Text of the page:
“This article was originally published on the DePaul Interfaith website on March 1st, 2011″
Life is often circular. Things come and go. The seasons rage and pass every year, as does the sun, which rises and sets each morning and night. Humans, too, can show patterns in their actions. It has been more than six month since I began fasting for the month of Ramadan in mid-august. The experience was phenomenal physically, emotionally, and spiritually. My body, mind, and soul were reawakened to the purpose of sacrifice, thankfulness, and global family. Ramadan, as I soon learned, was about being conscious, aware of the unjust realities that surround us, as well as the beautiful gifts that are shared with us everyday. Conscious consumption is the most ethical consumption, not just of food, but of all we come across in our lives. Utility is a blessing and that which is used must be treated as such. While one stomach remains hungry, all humans remain hungry. These were some of the lessons I learned during my experience with Ramadan.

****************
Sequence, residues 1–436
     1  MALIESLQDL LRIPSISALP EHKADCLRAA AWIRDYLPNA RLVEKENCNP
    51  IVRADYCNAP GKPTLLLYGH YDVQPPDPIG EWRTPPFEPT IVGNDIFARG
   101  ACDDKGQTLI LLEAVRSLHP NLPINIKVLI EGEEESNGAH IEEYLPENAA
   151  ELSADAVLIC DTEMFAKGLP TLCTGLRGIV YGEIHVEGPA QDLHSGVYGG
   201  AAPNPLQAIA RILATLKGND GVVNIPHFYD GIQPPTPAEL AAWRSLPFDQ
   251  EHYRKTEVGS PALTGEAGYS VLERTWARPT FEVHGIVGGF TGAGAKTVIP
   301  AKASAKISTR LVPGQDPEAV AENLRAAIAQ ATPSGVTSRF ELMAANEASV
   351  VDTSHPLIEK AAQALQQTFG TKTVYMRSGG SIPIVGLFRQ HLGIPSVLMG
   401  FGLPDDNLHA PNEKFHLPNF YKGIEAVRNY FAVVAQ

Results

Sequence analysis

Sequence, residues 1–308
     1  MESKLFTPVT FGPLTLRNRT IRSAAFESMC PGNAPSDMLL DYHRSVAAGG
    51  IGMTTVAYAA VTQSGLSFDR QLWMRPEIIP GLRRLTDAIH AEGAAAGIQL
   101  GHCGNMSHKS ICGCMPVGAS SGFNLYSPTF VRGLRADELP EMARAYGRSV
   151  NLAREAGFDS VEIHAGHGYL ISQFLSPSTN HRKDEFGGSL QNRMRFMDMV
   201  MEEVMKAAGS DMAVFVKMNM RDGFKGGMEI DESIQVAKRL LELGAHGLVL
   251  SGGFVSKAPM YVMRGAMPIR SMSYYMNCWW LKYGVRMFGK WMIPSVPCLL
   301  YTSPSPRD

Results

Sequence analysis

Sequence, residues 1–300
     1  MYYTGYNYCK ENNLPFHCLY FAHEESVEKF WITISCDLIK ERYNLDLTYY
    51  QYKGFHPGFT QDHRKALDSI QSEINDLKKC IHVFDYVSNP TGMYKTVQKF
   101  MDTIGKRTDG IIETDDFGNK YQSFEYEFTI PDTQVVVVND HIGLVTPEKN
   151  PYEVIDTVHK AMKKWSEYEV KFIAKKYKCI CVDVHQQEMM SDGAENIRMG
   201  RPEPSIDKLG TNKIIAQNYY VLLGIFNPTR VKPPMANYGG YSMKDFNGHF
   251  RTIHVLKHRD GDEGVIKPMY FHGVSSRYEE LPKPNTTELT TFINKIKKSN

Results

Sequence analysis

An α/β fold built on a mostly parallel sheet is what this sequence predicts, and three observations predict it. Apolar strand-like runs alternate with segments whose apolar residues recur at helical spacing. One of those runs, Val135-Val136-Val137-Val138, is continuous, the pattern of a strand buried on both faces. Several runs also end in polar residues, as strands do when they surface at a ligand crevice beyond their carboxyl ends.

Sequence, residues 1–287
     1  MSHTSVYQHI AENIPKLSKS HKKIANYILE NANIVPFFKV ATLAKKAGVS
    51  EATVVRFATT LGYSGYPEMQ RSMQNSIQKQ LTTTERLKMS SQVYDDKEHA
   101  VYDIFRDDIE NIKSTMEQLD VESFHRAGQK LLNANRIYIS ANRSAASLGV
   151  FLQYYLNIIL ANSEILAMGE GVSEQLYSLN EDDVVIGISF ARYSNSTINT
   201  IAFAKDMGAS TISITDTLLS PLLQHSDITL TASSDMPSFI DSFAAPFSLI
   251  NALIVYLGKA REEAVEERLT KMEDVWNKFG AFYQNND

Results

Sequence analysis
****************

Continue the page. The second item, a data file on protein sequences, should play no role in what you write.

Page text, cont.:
Unfortunately, the most common of our human patterns is forgetfulness. The month of Ramadan was unbelievable. The weeks following, I was on my game, remaining conscious and living thankfully. As time went, though, I began to fall into my old habits; I began to return to a culture of unconscious consumption. My portions grew in size, my thoughts before, during, and after a meal were rarely on being thankful for sustenance or on my fellow human beings who would go to bed that night with empty bellies. I didn’t notice, however; I was in community with others who were just like me: asleep. Read the rest of this entry